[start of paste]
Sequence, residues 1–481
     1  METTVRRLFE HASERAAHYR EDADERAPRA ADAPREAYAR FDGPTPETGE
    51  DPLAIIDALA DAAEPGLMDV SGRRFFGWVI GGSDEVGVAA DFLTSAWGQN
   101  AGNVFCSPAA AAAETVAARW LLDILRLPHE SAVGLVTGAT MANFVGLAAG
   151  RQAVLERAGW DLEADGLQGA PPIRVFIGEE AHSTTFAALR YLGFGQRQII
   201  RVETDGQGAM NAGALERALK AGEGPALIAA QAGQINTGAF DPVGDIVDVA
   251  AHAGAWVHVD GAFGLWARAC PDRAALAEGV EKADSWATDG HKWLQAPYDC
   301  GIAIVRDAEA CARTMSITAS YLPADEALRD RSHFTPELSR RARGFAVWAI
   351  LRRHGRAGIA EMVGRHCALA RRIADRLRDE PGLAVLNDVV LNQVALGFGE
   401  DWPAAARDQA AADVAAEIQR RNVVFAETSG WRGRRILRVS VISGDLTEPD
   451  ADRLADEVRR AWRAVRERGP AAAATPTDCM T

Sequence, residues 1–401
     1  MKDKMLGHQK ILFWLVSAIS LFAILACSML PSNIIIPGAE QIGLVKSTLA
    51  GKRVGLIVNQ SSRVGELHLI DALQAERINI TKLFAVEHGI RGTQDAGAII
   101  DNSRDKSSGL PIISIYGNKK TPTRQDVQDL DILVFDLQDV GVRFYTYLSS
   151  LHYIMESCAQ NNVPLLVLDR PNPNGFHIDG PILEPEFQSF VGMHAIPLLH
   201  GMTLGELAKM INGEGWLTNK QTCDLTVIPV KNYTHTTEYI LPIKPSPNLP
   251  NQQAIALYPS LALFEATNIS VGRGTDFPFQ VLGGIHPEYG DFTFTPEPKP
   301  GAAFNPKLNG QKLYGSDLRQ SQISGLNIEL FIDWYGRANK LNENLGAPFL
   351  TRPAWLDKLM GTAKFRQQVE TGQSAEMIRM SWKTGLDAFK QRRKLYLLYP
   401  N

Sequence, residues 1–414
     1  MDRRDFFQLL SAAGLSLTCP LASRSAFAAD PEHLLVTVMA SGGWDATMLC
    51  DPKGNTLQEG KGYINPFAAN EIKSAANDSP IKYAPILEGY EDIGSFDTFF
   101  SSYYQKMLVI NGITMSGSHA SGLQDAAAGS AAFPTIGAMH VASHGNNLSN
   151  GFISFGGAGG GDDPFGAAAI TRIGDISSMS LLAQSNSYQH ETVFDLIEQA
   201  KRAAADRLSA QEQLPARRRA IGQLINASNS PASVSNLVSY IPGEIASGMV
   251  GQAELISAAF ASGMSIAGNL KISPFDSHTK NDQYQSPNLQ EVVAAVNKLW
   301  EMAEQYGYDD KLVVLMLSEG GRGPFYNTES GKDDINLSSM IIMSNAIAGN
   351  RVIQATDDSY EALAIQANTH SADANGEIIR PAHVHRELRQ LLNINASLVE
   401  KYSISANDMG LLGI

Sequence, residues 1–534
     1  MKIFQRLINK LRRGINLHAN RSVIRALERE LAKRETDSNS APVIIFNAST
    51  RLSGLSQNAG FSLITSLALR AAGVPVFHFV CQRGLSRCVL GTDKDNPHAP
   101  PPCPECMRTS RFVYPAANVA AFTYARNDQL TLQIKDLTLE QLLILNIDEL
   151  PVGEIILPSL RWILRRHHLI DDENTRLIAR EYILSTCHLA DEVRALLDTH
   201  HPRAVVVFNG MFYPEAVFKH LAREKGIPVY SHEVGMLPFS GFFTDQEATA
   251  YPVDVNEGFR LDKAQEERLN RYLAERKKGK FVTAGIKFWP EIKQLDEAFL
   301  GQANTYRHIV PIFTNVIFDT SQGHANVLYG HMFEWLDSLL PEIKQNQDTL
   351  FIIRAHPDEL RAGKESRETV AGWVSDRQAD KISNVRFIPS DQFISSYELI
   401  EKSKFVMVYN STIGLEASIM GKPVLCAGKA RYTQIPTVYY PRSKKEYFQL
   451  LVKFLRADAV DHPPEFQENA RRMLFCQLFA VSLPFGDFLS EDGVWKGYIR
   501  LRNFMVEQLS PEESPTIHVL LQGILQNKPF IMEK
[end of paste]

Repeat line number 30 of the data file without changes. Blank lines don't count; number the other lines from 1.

   351  RVIQATDDSY EALAIQANTH SADANGEIIR PAHVHRELRQ LLNINASLVE